Find the story in the numbers. See below to explore facts about the Economy in the Charlotte region. See how the region's counties compare to one another and how the metro area compares to peers around the country.
Browser not compatible.
Regional statistics you can visualize, customize and share
Welcome to the UNC Charlotte Urban Institute's data portal. See below to explore facts about the Charlotte region from among 11 topic areas, compare your county to the metro region and the state, and explore in-depth data from...
Charlotte's metro has one of the fastest-growing college-educated populations in the U.S. Where exactly do the educated live in Charlotte? As people with college degrees cluster in metros, what does that mean for rural areas? (Graphic: John Chesser)
Population growth in Charlotte has always come with plenty of costs, but rising incomes and prosperity were part of the expected returns. Yet during the recent economic downturn, as population growth continued, economic growth sputtered. (Photo: Nancy Pierce)
According to the U.S. Census Bureau, 153,015 individuals who worked in Mecklenburg County commuted from another county in the Charlotte MSA – among the highest number of county-to-county commuters in the U.S. (Photo: Nancy Pierce)
Local perceptions may not have caught up with the new reality in the Charlotte region’s manufacturing economy. Even before the recession began in 2007, declines in the textile and furniture industries were changing the structure of local employment. As the downturn continued, counties that depended less on textile and furniture manufacturing lost fewer jobs. The result: Several counties traditionally considered centers of manufacturing employment, such as Gaston, now have a smaller percentage of jobs in manufacturing than fast-growing Union.
Times have been tough in the local economy, but it looks as if we’ve finally turned the corner. If growth is starting to make a comeback, exactly where will it be? Is your county ready? (Photo: U.S. Census Bureau, Public Information Office)
Charlotte has lagged much of the country in this period of economic recovery, but the region has finally begun to see a few small signs of better days on the horizon. Over the past several months, there has been gradual improvement in the unemployment rate and home price index in the region. These bright spots are welcome news in a region that continues to suffer the effects of the Great Recession.
With unemployment only beginning to dissipate across the Charlotte region, the demand for workforce development remains at an unprecedented high. In particular, there is a growing need for customized training for disconnected youth, returning veterans, and seniors and a huge demand for stronger soft-skills training. These are among the main findings of a recent study the UNC Charlotte Urban Institute conducted for Goodwill Industries of the Southern Piedmont.
In March 2012, Goodwill commissioned the UNC Charlotte Urban Institute to conduct a literature review of the workforce development sector’s needs across its eighteen-county region.. The report revealed major themes surrounding system needs, target populations and most valuable skills training.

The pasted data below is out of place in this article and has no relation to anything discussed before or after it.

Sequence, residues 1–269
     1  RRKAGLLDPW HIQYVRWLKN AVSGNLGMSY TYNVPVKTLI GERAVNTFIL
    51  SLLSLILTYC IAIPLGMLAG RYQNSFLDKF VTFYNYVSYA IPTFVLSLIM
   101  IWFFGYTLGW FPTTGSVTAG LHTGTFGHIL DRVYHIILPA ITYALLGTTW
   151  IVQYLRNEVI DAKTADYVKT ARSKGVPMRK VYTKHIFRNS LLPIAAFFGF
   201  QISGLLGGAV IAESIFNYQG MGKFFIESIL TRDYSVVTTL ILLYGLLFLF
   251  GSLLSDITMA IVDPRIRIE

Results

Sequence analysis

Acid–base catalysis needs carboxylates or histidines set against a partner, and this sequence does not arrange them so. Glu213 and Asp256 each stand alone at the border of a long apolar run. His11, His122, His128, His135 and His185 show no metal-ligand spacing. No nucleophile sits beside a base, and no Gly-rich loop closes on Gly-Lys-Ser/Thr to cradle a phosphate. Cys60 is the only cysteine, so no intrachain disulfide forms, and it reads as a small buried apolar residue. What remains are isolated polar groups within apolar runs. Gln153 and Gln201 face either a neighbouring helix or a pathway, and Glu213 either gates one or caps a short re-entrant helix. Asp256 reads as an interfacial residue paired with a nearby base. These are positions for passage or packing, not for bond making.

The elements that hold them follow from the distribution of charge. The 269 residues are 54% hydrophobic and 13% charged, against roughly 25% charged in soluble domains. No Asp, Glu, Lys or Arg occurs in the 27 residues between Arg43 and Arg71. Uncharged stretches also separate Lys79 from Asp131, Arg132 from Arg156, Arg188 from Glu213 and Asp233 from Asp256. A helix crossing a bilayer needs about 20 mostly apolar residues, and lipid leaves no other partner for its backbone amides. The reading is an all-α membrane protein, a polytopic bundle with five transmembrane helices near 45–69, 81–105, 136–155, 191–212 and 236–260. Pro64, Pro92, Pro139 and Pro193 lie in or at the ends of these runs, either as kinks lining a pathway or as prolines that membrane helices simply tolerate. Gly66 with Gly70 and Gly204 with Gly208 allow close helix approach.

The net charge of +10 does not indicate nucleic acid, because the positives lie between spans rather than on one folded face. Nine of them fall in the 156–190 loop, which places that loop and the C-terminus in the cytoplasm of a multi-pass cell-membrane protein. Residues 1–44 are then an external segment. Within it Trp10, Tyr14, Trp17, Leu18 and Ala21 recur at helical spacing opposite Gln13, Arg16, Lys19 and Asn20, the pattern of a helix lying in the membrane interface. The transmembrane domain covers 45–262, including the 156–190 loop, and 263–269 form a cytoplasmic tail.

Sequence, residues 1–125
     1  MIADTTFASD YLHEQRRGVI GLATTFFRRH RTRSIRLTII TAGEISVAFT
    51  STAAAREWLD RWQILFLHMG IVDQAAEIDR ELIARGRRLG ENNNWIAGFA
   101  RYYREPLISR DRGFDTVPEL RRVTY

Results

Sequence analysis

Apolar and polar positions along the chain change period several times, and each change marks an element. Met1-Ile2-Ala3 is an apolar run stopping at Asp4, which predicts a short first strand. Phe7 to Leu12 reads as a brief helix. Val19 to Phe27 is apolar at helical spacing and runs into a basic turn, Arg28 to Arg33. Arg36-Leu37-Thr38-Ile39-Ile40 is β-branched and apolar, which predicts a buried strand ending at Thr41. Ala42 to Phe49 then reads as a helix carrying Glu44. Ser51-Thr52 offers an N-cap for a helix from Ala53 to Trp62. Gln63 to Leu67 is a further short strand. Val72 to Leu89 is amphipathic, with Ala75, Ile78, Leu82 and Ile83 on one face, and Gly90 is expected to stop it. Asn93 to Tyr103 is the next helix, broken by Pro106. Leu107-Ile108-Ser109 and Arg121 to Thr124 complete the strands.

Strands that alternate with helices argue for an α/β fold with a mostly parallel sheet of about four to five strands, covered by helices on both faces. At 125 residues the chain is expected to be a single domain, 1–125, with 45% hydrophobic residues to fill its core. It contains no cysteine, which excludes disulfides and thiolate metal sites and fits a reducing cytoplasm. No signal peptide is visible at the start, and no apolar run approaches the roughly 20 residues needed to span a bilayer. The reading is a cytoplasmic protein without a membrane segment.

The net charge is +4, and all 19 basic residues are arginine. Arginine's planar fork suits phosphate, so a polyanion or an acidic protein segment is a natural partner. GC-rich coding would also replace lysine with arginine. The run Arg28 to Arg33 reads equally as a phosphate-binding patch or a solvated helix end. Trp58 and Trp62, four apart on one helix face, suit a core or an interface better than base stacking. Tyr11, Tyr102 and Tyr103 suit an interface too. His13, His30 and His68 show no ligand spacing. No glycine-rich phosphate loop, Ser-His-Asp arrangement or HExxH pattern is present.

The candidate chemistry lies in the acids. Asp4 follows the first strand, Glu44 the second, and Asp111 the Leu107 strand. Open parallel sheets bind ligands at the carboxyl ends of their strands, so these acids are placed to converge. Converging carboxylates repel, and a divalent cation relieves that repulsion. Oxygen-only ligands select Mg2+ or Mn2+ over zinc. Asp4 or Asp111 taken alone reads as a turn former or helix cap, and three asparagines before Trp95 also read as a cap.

In this period of high unemployment, not everyone has suffered equally. Two populations of particular concern are veterans and youth. Goodwill Industries of the Southern Piedmont provides services to both of these populations and is a lifeline for some of the most vulnerable populations in the Charlotte region. The agency is continuing its innovation and outreach efforts in a partnership with the UNC Charlotte Urban Institute by providing new resources to the community to understand who needs help now, and who may be at most risk in the future.
To shed light on the interconnectedness of personal and professional life, the Women’s Summit developed “Women, Wages and Work,” a year-long campaign dedicated to raising awareness of the challenges facing women as a result of pay inequity and to understanding how the issues traditionally considered “women’s issues” either influence, or are influenced by, women’s experiences in the workforce. This is the first in a series of four reports.
This report focuses on the disparity in earnings between men and women across industries in Mecklenburg County. The wage gap or ratio is an often cited statistic to highlight the disparity between the earnings of men and women. Most sources cite the wage gap in the United States being between 75 and 80 percent, meaning women only earn 75 to 80 percent of what men earn.
This report examines how men and women in Mecklenburg County fared during the Great Recession. It examines the overall features of the labor market and analyze some of the residual impacts the recession had on families. The goal of this report is to understand the local conditions for women and men during the recession and how these local conditions compared to those at the national level.
This report analyzes how women fared in the workplace at the national level after the Great Recession, which ended in June 2009, compared to their status before it began. This report also compares women to their male counterparts before and after the recession in terms of total job growth, job growth in the public sector, and wages earned.
The first quarter 2012 Charlotte Business Confidence Index report, released Jan. 3, shows Mecklenburg County business leaders' optimism about economic prospects in the first quarter improved compared to their expectations for the fourth quarter 2011. The overall index value of 54.6, an increase of 8.3 points compared to the fourth quarter, returned to a positive outlook on business confidence, after posting negative expectations for the first time in the fourth quarter.
The regular announcements of unemployment numbers tend to focus on short-term changes and specific locations. It can be challenging to make sense of trends in unemployment over longer periods or between geographical regions. How is the Charlotte region holding up in this important measure? The answer: not well. The June release of N.C. Employment Security Commission (NCESC) data shows widespread increases in unemployment across the state.
After the initial windfall of data from the 2010 Census that was followed by media outlets all over the country, the next wave of Census data is upon us. In this new age of the American Community Survey, we now get considerable data more often than every 10 years.